I am a clinical academic.  My research is concerned with the function of the human mind and brain, and the mechanism and treatment of mental disorders.  In the 27 years since US President George (HW) Bush declared the Nineteen Nineties to be the decade of the brain, we have not achieved any triumphs as spectacular as landing a man on the moon, but we have nonetheless learned an incredible amount about how the brain works.   We have learned that simplistic answers based on assigning a particular function to one brain region, or to one brain chemical, fail to deal with the complexity of a brain containing 100 billion neurons with over a trillion connections between them.    We have learned instead about the mechanisms that sculpt the extensive networks of brain cells that support mental activity, perception and behaviour; we have discovered that even the adult human brain is remarkably plastic.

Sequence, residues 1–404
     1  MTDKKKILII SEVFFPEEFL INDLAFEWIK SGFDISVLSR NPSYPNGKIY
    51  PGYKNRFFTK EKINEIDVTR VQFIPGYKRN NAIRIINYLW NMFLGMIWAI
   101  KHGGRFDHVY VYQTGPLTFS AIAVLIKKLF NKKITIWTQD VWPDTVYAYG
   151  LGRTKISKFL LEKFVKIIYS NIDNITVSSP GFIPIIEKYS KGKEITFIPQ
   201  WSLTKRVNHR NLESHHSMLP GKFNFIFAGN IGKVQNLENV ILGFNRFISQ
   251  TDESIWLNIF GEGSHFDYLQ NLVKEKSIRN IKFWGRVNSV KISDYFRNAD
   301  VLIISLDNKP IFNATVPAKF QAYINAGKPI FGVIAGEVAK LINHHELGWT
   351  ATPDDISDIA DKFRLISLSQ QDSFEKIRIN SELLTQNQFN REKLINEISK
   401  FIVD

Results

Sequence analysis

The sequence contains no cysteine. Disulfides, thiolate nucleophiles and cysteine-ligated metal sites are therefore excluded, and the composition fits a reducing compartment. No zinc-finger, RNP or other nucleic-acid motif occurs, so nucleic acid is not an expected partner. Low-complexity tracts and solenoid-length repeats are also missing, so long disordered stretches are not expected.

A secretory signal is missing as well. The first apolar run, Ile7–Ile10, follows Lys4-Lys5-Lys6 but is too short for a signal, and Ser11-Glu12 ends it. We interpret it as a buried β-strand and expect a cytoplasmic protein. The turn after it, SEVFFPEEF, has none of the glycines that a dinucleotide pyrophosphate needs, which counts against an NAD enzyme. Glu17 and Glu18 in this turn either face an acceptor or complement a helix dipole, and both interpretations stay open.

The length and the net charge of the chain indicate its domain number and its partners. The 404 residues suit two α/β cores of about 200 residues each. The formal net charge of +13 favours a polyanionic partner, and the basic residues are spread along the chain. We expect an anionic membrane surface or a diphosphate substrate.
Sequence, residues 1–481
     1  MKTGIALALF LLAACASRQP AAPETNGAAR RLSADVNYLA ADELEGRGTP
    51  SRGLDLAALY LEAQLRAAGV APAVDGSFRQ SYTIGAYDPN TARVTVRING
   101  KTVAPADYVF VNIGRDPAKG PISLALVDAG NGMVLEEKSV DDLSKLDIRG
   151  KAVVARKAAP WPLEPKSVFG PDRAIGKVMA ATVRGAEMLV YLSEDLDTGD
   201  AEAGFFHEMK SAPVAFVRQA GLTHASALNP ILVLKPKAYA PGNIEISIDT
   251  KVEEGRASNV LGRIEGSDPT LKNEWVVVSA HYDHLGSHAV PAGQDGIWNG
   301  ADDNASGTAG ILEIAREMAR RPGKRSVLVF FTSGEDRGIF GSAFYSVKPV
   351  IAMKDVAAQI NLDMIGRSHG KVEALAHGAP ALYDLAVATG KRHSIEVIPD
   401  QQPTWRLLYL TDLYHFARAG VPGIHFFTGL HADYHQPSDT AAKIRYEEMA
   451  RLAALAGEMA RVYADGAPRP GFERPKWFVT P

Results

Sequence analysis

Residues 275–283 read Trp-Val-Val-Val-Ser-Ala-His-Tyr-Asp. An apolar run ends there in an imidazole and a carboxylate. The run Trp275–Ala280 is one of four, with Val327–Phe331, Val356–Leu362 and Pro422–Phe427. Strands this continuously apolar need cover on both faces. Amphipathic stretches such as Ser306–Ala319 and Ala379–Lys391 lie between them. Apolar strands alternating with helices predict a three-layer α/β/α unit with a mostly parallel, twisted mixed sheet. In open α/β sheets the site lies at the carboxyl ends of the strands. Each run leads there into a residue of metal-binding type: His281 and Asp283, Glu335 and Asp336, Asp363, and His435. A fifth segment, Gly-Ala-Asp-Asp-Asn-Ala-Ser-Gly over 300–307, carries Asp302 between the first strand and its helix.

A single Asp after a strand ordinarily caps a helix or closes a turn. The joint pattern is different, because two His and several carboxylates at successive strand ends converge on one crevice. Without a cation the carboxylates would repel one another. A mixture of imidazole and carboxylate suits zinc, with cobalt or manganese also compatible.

We have learned some useful principles that explain how various experiences, including social interactions,  and ‘life-style’ factors, such as exercise and diet impact in understandable way on how our brains work; and we have learned much about how mind and brain can influence the function of the entire body. Nonetheless, the unimaginable complexity of the web of interactions between our genes and our experiences in life ensures that each of us is unique.  In applying what we have learned about the principles of mind/brain/body interactions to ourselves as individuals, we are each an experiment with a sample size of one.